Search
  • Matthias Hilpert

Moritz Zimmermann - Co-Founder, hybris



hybris Software was founded in 1997 by Moritz Zimmermann together with two co-founders as a provider of software for omni-channel customer experience and commerce (CEC). The company was acquired by SAP in 2013 for $1.3 billion--the highest value private acquisition of a technology business at the time. Until recently, Moritz has overseen all product innovation and development as CTO at SAP Customer Experience. Today Moritz is General Partner at seed stage SaaS VC 42CAP.


On founder sales:


We initially refused to do any sales. We were techies and just wanted to build products, so we tried to outsource selling to agencies or partners. Only when that didn’t work out, we tried selling ourselves--and found out, hey, it’s not rocket science after all!


On internationalization:


Expanding in Europe with a B2B business model is a tough job. German references count for nothing in France. In every single country, you start over from nothing. In my opinion, that’s one of the reasons why we don’t have any big tech businesses in the EU--it’s really hard to scale this way.


Scaling is much easier in the USA. It’s a huge market with no difference between east coast or west coast. For founders who want to grow fast, I recommend quickly moving to the UK as a beachhead, then to the USA.


For the first couple years in a new market, the quality of the sales team--their skills and experience in the market--is much more important than the market’s size. But to get started quickly, make sure your sales playbook is ready, including pitch, KPIs, team management, recruiting, and so on.


On pricing:


In the beginning, we just made up a price that seemed reasonable. The better we understood the value of our solution versus the competition, the more we could raise our price. After a while, even though our product was still the same, we also leveraged our higher brand recognition and references to further increase the price.


It was a big learning for us to realize that selling at this price level--our ACV started at 6 figures for a license--only works if the price points are high enough. In fact, we increased our prices every single year by a hefty rate for more than 15 years!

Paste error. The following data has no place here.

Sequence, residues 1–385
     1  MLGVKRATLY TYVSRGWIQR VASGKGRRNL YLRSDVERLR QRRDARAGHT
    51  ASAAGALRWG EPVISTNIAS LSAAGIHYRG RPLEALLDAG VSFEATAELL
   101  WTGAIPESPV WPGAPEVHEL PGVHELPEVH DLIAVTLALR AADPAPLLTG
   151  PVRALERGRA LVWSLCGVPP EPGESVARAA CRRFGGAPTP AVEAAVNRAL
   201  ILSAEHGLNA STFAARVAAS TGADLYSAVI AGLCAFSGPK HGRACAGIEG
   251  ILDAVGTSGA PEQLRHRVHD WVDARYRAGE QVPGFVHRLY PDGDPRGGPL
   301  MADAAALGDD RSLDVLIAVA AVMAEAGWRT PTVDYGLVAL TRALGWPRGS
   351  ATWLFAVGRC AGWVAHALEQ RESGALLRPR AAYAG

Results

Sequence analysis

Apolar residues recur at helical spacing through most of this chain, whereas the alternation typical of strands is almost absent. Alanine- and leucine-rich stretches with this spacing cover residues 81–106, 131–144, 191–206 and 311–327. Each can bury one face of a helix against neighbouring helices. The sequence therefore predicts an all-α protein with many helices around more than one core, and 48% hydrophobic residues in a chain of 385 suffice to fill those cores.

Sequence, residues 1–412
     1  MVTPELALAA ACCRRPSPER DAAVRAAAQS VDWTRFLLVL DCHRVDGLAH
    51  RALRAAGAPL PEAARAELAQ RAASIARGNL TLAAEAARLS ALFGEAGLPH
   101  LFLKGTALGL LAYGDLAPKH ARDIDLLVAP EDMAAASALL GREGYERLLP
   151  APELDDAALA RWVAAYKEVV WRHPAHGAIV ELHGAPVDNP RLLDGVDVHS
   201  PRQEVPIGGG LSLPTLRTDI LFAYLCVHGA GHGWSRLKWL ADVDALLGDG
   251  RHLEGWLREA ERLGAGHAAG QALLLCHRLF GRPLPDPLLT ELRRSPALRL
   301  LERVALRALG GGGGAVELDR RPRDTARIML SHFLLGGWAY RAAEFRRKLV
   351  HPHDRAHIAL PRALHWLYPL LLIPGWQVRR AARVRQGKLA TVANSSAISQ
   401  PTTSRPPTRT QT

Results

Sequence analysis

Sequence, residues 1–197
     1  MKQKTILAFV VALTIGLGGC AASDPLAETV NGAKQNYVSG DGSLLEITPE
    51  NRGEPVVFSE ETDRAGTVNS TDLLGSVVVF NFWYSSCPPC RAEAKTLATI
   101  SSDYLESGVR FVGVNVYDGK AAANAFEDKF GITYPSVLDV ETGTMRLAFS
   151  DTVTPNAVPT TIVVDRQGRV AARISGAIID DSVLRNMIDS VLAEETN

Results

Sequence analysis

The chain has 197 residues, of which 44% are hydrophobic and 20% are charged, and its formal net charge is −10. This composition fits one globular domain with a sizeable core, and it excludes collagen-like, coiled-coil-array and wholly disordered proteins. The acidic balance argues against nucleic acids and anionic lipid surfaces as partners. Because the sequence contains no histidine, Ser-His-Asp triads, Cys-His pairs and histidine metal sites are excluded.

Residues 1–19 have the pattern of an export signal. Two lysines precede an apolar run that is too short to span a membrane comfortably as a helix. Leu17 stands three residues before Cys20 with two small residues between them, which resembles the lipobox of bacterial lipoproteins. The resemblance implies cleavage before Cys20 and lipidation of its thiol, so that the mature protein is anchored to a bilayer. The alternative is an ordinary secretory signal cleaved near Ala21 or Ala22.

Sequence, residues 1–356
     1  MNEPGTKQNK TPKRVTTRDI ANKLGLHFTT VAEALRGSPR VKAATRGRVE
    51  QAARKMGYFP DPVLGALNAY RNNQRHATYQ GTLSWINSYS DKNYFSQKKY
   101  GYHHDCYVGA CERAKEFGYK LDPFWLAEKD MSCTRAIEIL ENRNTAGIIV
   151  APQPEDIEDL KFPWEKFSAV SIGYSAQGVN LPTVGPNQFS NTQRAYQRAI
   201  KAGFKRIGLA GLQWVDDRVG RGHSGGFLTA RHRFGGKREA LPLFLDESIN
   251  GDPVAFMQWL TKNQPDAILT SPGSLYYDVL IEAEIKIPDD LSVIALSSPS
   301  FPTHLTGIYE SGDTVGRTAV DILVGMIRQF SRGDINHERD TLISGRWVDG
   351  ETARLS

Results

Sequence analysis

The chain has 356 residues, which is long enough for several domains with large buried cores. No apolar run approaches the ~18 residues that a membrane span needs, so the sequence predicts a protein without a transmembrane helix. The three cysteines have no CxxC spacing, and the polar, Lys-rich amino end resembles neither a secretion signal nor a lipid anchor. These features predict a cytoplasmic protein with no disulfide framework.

A field sales model only works if you have 6-figure deals because of the inherent cost for the sales person and their expenses.


In the beginning, we only compromised the price to buy references in a certain market. For example, we closed a €100,000 deal with Toys’R’Us that would’ve been worth €5 million, but included other value for us, such as shared PR.


Try to get your customers to give you money in advance that you can then use for growing your startup. It’s much better to give a 5% discount to a customer who pays you three years in advance than having to raise capital from investors.


On pricing models:


In the oldschool model, where you sell a perpetual license or a subscription, you try to sell as much as you can to the customer at once. But this means that the customer might pay for stuff he won’t eventually need. And you may give too much discount because you can’t precisely define the value your solutions have for the customer.


In the land-consume-expand model, you use consumption-based pricing. The advantage for the customer is that he only pays for what he uses. Maybe their sales persons use your software daily, but finance only logs in three days per month. This model makes it much easier to get a foot into the door and then expand after you have proven your value proposition!